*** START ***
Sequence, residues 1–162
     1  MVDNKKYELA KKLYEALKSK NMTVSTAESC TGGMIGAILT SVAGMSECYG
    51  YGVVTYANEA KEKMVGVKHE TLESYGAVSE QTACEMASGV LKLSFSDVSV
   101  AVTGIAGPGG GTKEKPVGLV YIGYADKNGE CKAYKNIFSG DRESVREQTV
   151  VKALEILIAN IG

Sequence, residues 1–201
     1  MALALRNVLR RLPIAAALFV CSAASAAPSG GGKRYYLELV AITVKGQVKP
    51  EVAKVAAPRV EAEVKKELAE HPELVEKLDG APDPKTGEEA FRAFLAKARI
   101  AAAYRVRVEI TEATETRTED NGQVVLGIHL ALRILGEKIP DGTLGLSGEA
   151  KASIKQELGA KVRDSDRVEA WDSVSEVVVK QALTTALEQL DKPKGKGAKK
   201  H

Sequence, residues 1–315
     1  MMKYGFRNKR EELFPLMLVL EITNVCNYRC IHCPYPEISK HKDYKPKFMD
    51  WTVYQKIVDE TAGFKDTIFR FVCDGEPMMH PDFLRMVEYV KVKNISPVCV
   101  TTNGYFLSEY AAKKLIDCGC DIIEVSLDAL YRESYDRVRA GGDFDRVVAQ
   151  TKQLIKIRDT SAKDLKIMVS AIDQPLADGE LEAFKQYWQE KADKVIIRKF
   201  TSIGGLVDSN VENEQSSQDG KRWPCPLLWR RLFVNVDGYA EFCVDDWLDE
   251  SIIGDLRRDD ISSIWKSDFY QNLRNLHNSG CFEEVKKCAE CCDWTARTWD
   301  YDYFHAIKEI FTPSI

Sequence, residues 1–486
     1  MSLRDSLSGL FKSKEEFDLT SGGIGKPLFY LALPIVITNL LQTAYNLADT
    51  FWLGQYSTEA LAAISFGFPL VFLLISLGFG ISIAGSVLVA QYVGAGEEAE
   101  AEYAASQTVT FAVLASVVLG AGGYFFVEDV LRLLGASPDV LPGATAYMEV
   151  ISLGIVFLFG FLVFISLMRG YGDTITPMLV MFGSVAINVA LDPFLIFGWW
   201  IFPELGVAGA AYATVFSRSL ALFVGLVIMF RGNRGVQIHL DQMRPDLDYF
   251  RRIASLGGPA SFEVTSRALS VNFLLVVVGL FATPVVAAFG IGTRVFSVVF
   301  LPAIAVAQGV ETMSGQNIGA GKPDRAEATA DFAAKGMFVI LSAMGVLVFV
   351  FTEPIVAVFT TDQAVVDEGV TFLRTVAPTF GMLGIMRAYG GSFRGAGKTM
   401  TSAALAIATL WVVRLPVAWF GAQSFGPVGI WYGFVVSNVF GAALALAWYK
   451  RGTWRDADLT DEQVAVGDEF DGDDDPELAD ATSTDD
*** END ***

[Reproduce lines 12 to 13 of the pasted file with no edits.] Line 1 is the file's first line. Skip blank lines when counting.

Sequence, residues 1–315
     1  MMKYGFRNKR EELFPLMLVL EITNVCNYRC IHCPYPEISK HKDYKPKFMD